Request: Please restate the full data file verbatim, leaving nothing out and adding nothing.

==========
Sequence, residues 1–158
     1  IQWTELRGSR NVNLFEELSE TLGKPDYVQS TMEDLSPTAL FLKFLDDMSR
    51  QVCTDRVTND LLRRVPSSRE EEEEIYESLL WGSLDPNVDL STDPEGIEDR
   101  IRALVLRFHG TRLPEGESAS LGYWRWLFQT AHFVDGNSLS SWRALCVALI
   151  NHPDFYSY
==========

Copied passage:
Sequence, residues 1–158
     1  IQWTELRGSR NVNLFEELSE TLGKPDYVQS TMEDLSPTAL FLKFLDDMSR
    51  QVCTDRVTND LLRRVPSSRE EEEEIYESLL WGSLDPNVDL STDPEGIEDR
   101  IRALVLRFHG TRLPEGESAS LGYWRWLFQT AHFVDGNSLS SWRALCVALI
   151  NHPDFYSY